googoodolly Fri 15-Aug-14 13:46:58

Unless he's violent or abusive, you can't stop him seeing his child.

BirdhouseInYourSoul Fri 15-Aug-14 13:49:05

I know it's hard.

My situation was a bit similar - DD was 3 before he met his father. That was his fathers choice entirely. We were only allowed to communicate on a purely practical level. Only ever about the details of meetings etc (this was a condition of his marriage - I was an unknowing OW and his wife had trust issues - understandable really)

To begin with we looked at contact centres or a member of his family facilitating it. Could these be options for you?

I never ever got an explanation from him as to why he had behaved so appallingly. We are not allowed to discuss it now and it was initially very very hard to emotionally detach but actually now it's not. We know where we stand and DS loves is dad. Taking that relationship forward had to take priority.

We built up contact very slowly as I needed to see it was being done at a comfortable pace for DS. An hour in the park for a couple of visits, built up to an afternoon and eventually to over nights and holidays. It took time but DS adapted very quickly and was young enough to just accept that was how it was.

PenisesAreNotPink Fri 15-Aug-14 13:51:26

Yes, they can award contact without you needing to be there. You can obviously in court ask for it to be in a contact centre initially where it will be supervised there.

It's all about the child's right to know their parent and he will likely learn how to look after her as we all do, luckily she's of an age where she can tell him what she needs.

I very much appreciate how hard it will be to let go/ignore the anger you feel towards him. There is no reckoning, he doesn't have to speak to you and yes, the fucker does get away with his behaviour.

Try and think of it like this, he's the one who's missed out on not seeing her.

daisystone Fri 15-Aug-14 13:52:31

I haven't stopped him seeing his child Googoodolly - that is the point. I was prepared for mediation. I came here to ask how we can go forward without mediation and how can I simply go along with him taking her off without any assurances or built trust etc.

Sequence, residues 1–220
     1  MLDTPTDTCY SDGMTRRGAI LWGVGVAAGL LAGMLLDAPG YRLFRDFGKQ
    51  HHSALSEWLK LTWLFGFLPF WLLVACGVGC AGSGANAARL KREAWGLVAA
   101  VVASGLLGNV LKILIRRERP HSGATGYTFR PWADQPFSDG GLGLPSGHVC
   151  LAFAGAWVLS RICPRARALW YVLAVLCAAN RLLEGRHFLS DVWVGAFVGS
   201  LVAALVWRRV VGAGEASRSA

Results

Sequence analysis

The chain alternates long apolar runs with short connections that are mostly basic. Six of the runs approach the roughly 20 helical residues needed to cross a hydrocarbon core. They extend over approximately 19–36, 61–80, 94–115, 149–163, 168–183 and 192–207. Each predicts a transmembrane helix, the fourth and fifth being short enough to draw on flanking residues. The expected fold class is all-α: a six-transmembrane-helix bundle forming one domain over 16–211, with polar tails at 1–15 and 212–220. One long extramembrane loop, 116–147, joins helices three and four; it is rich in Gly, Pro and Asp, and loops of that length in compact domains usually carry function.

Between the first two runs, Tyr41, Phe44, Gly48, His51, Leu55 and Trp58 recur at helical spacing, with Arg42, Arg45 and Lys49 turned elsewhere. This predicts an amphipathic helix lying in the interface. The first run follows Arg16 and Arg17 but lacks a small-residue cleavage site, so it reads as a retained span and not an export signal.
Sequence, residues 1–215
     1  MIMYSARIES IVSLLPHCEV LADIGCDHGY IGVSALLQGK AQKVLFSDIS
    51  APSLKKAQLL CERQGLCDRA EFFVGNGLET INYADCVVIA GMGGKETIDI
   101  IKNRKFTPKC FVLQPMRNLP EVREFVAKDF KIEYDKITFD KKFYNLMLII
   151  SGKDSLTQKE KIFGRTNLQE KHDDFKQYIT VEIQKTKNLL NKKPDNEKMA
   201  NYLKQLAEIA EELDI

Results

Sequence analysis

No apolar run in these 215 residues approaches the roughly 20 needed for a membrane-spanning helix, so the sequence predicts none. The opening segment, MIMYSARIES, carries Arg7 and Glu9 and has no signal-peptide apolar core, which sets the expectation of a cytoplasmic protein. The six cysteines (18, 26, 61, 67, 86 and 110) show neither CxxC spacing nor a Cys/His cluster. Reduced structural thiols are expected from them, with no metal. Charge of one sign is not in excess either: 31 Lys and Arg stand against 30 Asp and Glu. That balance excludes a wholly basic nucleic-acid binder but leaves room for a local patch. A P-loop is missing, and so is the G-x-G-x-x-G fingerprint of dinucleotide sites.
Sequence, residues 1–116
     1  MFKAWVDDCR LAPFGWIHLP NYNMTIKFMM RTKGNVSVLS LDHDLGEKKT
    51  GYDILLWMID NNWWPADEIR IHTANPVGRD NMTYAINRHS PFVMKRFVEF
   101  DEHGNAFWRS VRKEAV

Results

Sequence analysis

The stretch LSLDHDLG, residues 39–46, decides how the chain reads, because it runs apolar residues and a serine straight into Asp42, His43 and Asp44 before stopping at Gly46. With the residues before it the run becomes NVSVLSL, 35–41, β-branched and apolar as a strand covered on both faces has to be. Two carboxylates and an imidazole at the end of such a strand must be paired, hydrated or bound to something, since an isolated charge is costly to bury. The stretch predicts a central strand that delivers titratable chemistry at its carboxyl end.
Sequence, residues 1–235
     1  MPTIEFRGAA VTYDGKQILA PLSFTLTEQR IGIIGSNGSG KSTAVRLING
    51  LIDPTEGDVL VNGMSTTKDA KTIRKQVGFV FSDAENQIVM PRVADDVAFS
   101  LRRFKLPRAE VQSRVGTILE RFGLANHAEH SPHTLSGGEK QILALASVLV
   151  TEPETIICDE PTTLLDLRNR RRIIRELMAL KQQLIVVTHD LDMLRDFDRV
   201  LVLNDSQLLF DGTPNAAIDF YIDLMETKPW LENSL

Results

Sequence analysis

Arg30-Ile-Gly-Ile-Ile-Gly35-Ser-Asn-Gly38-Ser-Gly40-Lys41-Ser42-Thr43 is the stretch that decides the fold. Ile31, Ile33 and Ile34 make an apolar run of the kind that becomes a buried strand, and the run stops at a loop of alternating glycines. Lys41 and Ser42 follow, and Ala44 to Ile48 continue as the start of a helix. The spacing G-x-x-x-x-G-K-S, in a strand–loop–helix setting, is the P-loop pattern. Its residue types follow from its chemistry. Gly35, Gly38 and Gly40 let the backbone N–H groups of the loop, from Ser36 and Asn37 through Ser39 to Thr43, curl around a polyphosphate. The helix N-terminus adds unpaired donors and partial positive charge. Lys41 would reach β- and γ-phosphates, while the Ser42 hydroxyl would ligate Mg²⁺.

Quitelikely Fri 15-Aug-14 13:57:06

I think you will be in contempt of court if you do not honour the court order. (Anyone feel free to correct me)

Your dd won't be harmed by this process. He's her father, he loves her I'm thinking. I don't see the point in fighting it. The grounds described above dont suggest he is a danger to your child. The fact he has initiated these proceedings tells the court he really wants access to his daughter.

daisystone Fri 15-Aug-14 13:58:23

I want her to have a father - i really do. When I see other little ones with Dad's I feel awful. I have wanted him to be in her life for so long. It is his constant cruel thoughtless behaviour that worries me. He has never put her first or even asked about her. I cannot bear the thought of handing over my most precious thing to him and not knowing what will happend next - how he will treat her or what he will do around her or introduce her to. I literally cannot do that.

Quitelikely Fri 15-Aug-14 13:59:23

Plus if the court sets out contact. Neither of you are in control. It's decided according to the best interests of the child. Not on what has gone on with the parents.

wannabestressfree Fri 15-Aug-14 14:00:19